Slideshow

Google Nexus One vs Apple iPhone 3GS

Smartphone showdown: How Google's offering compares to Apple's high-end iPhone

  • Under the covers, part 1: processing power. Nexus One runs the Android 2.1 operating system on the Qualcomm QSD8250 Snapdragon chip [shown at right in this picture], a powerful yet low-powered 1GHz mobile CPU (also in HTC's HD2 and Toshiba TG01 smartphones). It's based on the same ARM Cortex-A8 core as the iPhone 3GS's Samsung S5PC100 chip, at 600 MHz. Photo Credit: iFixit

  • Under the covers, part 2: Memory, storage. Nexus One has 512MB FLASH and 512MB of RAM onboard, to support lots of multi-tasking apps, and impressing many reviewers with its speed. iPhone 3GS has 256MB RAM. A removable SD card gives Nexus One 4GB of storage (expandable to 32GB). But according to Walter Mossberg, Google only allows 190MB of all that to store apps. By contrast, nearly all of the 16G and 32GB on the iPhone flash drives is user-accessible.

  • Power and battery life. Nexus One has a removable 1400 mAH battery and claims up to 7 hours talktime and 250 hours standby time on a 3G network, and 6.5 hours of Internet use over Wi-Fi. iPhone 3GS with the built-in battery: 5 hours talktime, 300 hours standby on 3G; 9 hours of Wi-Fi Internet use (and users have complained that the 3GS battery life is worse than older models). TechCrunch: "all this [Nexus One] hardware bling is an energy hog." Shown: a lemon battery. Photo credit: Hila Science Center, Pembroke Ontario, Canada

  • Display. Nexus screen is 3.7-inches diagonal, 3.5 inches for iPhone, but has a much higher resolution: 800 x 480 pixels vs. 480x320 pixels. But Engadget says the Nexus' active-matrix organic light-emitting diode technology makes viewing the screen in daylight a "nightmare." And don't expect the slick multi-touch of the iPhone: Nexus is single-touch/gesture only. Gizmodo: "- N1's onscreen keyboard felt fine, and the speedy processor made sure that each key was interpreted well."

  • Operating system. Nexus One features release 2.1 of the Android operating system, with many of the changes focused on the user interface, including: easier homescreen navigation, expanded to five from three the number of homescreens with a "breadcrumb" line of corresponding white dots to cue you visually, greatly expanded voice control over phone features with every text field now voice-enabled for input. Nexus One supports multi-tasking which the iPhone still restricts to Apple applications. The iPhone 3.0 firmware release last year was well-received. Shown: Nexus voice-enabled gmail creation.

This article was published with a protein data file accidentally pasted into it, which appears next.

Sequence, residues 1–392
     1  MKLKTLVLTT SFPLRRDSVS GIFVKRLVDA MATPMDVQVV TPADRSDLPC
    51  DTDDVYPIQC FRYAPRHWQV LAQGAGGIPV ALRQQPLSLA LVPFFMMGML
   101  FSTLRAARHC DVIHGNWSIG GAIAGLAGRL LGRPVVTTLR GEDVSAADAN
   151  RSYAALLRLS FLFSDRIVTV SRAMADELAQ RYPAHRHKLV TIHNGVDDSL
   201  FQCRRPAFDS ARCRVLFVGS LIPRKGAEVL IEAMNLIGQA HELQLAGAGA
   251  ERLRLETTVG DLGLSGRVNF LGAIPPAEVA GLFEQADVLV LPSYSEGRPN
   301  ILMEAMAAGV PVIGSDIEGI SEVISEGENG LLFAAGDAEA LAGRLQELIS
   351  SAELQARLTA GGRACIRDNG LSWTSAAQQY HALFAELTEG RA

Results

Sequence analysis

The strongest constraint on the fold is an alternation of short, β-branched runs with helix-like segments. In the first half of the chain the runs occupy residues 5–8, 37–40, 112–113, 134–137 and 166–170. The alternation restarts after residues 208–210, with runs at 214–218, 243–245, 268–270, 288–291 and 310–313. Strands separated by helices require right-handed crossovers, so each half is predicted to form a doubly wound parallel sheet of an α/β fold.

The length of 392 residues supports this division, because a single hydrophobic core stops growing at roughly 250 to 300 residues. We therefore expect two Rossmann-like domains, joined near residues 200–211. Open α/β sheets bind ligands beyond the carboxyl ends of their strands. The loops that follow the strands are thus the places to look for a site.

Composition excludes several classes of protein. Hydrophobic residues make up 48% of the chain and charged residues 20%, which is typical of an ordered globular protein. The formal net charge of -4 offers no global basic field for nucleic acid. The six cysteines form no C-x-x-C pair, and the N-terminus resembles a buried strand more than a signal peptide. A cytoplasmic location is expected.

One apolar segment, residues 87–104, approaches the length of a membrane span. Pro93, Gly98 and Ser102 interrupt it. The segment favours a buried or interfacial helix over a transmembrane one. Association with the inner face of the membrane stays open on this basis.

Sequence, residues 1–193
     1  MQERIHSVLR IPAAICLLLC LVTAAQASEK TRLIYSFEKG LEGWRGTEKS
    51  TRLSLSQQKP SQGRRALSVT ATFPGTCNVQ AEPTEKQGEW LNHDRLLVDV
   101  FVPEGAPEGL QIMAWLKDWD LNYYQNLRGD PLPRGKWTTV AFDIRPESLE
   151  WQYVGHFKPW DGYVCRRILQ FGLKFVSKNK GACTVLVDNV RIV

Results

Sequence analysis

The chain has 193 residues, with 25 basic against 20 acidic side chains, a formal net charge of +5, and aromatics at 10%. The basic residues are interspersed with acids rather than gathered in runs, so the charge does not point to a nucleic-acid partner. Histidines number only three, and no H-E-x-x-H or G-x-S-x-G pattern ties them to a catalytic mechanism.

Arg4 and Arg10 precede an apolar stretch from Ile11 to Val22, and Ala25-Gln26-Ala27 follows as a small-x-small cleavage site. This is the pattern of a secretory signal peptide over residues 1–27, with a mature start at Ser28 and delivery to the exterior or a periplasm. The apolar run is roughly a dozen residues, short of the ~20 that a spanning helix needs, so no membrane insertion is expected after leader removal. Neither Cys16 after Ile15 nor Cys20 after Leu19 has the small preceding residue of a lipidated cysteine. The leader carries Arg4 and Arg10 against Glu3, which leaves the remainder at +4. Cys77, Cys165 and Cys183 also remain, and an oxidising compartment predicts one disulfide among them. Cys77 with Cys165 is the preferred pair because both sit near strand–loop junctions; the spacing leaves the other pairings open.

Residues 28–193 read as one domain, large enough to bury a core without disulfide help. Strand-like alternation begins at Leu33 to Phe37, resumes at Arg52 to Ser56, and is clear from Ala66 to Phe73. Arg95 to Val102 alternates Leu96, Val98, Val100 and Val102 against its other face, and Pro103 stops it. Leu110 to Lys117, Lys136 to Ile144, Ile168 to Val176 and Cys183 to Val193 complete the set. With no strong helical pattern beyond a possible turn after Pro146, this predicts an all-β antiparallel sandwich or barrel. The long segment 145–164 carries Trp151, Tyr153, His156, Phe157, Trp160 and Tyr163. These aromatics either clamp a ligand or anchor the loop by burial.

• Wireless carrier. Nexus One is available first on T-Mobile's 3G network (a CDMA version is scheduled for this spring on Verizon Wireless). The most recent J. D. Power and Associates' survey puts T-Mobile in the lower ranks of U.S. carriers in terms of call quality (problems per 100 calls) in most regions. Yet a year ago, a separate Powers' survey ranked T-Mobile tops in customer care, followed by Verizon. AT&T is subjected to chronic complaints about network performance by many iPhone users.

  • The look and feel. Reviewers like the Nexus One's design – solid but silky, sleek and light.

  • Google's Nexus One, built by China's HTC, offers much of what one expects in a high-end 3G smartphone. Yet is it enough, and good enough, to give the iPhone 3GS a run for the money? Initial reviews like its design, speed and integration with the Web. With a two-year T-Mobile contract (at $80 per month), Nexus costs $179 (or $530 unlocked). A CDMA version is due with Verizon Wireless in Spring 2010. In this slideshow, we focus on some of the key differences, comparing the two smartphones in terms of their published specifications, with some comments from (and links to) early reviews and assessments of the Nexus.

  • Web browser. Both Google's Android browser and Apple's Safari are based on the open-source Webkit engine. The Android browser is already No. 2 in U.S. smartphone Web traffic. Adobe has a YouTube demo of the Android browser running Flash Player 10.1 (currently in beta), on the Nexus One. Shown: Nexus One Android browser with Flash Player 10.1 Photo credit: Adobe via Android Community

  • Networking. Nexus One is a GSM phone, initially available in the U.S. on T-Mobile's High Speed Packet Access (HSPA) 3G network, with up to 7.2Mbps uplinks. The cellular RF transceiver is the Qualcomm RTR6285 chip which supports multiple UMTS bands and quad-band GSM/EDGE, with integrated GPS. Google promises a CDMA version will be available for Verizon Wireless. In the U.S., iPhone 3GS runs only on AT&T's 3G and EDGE networks. Wi-Fi and Bluetooth (and FM radio) are integrated on a single Broadcom chip, the BCM4329 http://www.broadcom.com/products/Bluetooth/Bluetooth-RF-Silicon-and-Software-Solutions/BCM4329, the same chip in iPhone 3GS. The difference: in the Nexus One, support for high-throughput 802.11n is turned on, but not in the iPhone. Photo credit: iFixit

  • Applications. Nexus One users can choose from a rapidly growing body of applications for Android, about 18,000 according to Walter Mossberg. The iPhone clearly has a huge advantage here: well over 100,000 third-party apps available via the pioneering online App Store. But Google is pushing hard to tightly and smoothly integrate users and their data with Web services. Shown: Part of the universe of iPhone apps.

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